Bollen's lawyers aim to block evidence of extravagant purchases

Bollen's lawyers aim to block evidence of extravagant purchases

EB-5 Visa, EB5 Visa, EB-5 Investment

Attorneys for the former head of South Dakota's investment-for-visa program say prosecutors shouldn't be allowed to offer evidence about how Joop Bollen spent more than $1.2 million he's accused of illegally diverting from the program.

Bollen faces felony charges for allegedly misappropriating money from the EB-5 visa program for personal purchases including fine art and Egyptian artifacts. Attorneys for Bollen on Wednesday asked a Brown County judge not to allow evidence about how he used investor dollars, saying it would unfairly discredit him.

"If Mr. Bollen had donated all the money to charity, the State would be up in arms if Mr. Bollen wanted to introduce such evidence. It does not matter whether Mr. Bollen used the money to make a charitable contribution or to fund a luxury vacation," attorneys Reed Rasmussen and Julie Dvorak wrote in a court document. "The only issue in regard to motive is whether he intended to defraud the State, i.e., intended to impair the state's security interest."

Bollen pleaded not guilty to the charges in June.

Rasmussen and Dvorak said the state's attorneys shouldn't be able to discredit Bollen in the jury's eyes for being financially successful and having the funds needed to make those purchases. Neither immediately responded to a request for comment Wednesday.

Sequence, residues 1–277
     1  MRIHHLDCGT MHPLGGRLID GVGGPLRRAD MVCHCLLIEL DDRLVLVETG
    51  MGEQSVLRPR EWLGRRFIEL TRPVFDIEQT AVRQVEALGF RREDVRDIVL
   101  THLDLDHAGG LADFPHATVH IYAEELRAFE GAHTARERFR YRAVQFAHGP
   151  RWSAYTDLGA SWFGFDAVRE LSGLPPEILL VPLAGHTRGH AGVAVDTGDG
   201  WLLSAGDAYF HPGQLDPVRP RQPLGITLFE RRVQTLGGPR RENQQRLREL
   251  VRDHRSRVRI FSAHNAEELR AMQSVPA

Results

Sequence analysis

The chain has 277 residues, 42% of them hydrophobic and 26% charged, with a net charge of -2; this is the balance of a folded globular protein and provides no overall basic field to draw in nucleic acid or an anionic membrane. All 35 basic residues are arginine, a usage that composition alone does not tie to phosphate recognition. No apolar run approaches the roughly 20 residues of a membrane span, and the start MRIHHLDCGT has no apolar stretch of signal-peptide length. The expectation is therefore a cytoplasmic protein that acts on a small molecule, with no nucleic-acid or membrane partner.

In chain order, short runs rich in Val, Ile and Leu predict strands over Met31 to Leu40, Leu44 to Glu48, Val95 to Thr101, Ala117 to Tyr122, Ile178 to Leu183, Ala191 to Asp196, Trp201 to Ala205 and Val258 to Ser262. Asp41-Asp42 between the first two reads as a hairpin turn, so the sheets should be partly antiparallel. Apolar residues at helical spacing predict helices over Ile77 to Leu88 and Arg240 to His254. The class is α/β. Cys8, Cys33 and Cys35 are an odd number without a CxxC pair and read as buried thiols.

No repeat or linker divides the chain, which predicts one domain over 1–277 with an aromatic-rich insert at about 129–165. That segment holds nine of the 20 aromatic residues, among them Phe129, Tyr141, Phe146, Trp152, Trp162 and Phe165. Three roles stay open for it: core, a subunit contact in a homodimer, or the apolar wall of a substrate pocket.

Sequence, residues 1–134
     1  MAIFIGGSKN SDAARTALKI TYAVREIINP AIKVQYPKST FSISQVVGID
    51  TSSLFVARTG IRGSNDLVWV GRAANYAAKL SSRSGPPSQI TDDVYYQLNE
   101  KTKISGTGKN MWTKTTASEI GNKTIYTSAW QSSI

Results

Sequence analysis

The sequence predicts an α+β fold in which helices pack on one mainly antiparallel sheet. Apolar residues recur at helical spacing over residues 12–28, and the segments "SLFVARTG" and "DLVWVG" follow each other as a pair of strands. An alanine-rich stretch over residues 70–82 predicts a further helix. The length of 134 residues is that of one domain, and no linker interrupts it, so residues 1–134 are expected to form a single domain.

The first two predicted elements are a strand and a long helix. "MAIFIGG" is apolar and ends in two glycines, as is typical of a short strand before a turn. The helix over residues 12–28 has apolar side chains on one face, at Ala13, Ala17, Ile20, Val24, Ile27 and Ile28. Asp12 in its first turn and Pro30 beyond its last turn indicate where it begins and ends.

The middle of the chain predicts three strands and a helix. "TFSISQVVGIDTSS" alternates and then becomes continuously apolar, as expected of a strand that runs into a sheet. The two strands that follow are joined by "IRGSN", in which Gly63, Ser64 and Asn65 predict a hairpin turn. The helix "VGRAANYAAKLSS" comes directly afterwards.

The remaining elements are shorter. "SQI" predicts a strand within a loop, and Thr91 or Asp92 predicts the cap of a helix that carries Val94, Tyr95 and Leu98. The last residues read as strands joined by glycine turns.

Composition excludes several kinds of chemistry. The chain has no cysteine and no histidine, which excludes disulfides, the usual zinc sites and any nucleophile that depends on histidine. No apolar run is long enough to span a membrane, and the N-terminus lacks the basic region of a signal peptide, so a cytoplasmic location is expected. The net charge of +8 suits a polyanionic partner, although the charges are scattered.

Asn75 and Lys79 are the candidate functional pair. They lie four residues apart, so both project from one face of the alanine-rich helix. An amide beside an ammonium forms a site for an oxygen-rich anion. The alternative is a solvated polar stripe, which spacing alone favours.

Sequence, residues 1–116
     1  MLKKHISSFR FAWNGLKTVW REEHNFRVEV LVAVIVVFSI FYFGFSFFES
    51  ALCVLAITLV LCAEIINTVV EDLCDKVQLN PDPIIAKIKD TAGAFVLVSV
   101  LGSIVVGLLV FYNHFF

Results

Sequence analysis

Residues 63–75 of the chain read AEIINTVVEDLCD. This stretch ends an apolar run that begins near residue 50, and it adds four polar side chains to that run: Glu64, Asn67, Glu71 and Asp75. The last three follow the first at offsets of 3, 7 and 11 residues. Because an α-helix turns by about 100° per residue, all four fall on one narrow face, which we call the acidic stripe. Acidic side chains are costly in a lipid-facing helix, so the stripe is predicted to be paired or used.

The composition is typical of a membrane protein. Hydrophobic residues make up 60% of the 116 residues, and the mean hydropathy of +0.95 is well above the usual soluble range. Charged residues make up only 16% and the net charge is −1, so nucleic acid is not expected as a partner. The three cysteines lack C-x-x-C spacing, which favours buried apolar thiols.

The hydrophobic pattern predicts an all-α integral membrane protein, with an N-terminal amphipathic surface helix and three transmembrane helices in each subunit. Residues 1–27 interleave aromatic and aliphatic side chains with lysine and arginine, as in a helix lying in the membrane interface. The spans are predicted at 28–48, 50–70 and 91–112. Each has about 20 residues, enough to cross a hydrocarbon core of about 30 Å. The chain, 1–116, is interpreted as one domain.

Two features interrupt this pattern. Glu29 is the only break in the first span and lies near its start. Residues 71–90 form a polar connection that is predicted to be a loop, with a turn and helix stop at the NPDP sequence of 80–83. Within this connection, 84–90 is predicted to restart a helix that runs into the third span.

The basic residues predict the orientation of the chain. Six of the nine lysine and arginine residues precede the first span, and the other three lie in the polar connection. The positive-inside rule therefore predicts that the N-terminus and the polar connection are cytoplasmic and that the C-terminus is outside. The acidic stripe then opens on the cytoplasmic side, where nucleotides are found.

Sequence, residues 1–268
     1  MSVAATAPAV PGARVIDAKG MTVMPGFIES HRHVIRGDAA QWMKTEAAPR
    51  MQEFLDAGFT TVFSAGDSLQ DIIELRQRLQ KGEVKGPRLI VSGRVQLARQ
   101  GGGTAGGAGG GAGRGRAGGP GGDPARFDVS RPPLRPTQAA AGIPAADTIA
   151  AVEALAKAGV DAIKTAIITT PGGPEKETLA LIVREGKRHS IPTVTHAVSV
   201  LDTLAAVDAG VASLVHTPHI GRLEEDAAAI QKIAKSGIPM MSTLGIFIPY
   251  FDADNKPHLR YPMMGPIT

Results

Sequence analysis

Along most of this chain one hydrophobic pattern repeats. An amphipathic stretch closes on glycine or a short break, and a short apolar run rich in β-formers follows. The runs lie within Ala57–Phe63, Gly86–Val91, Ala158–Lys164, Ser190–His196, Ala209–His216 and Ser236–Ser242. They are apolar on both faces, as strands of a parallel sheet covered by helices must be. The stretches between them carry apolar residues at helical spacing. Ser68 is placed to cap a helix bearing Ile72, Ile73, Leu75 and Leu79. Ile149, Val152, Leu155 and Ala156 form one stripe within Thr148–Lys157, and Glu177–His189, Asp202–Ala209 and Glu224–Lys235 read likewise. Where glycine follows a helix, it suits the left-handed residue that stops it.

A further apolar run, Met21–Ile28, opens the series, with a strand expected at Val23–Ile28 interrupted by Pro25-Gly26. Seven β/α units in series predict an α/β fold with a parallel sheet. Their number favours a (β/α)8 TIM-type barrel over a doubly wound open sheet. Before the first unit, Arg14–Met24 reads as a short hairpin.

The comments Wednesday come in response to a request from Brent Kempema, South Dakota assistant attorney general, to allow evidence showing Bollen's withdrawals from the SDRC, Inc. accounts and fund transfers. According to an affidavit, some of the mishandled money ended up with Christie's Fine Art in London, Bollen's close personal friend in Georgia and to a collector of Egyptian artifacts. Bollen was known to be an art collector.

Kempema said the evidence of where the money ended up could help establish motive and is important in informing a jury.

"Here, the proffered evidence is simply the end of Defendant's alleged criminal conduct," Kempema wrote. "The proffered evidence is so connected to the charges that without the proffered evidence the jury would be forced to consider the allegations and make a determination as to Defendant's actions in a vacuum."

Kempema didn't immediately respond to a telephone message requesting comment Wednesday.

A Brown County judge is set to hear arguments next week and establish some of the specifics about Bollen's jury trial, which is set for February 6-10.


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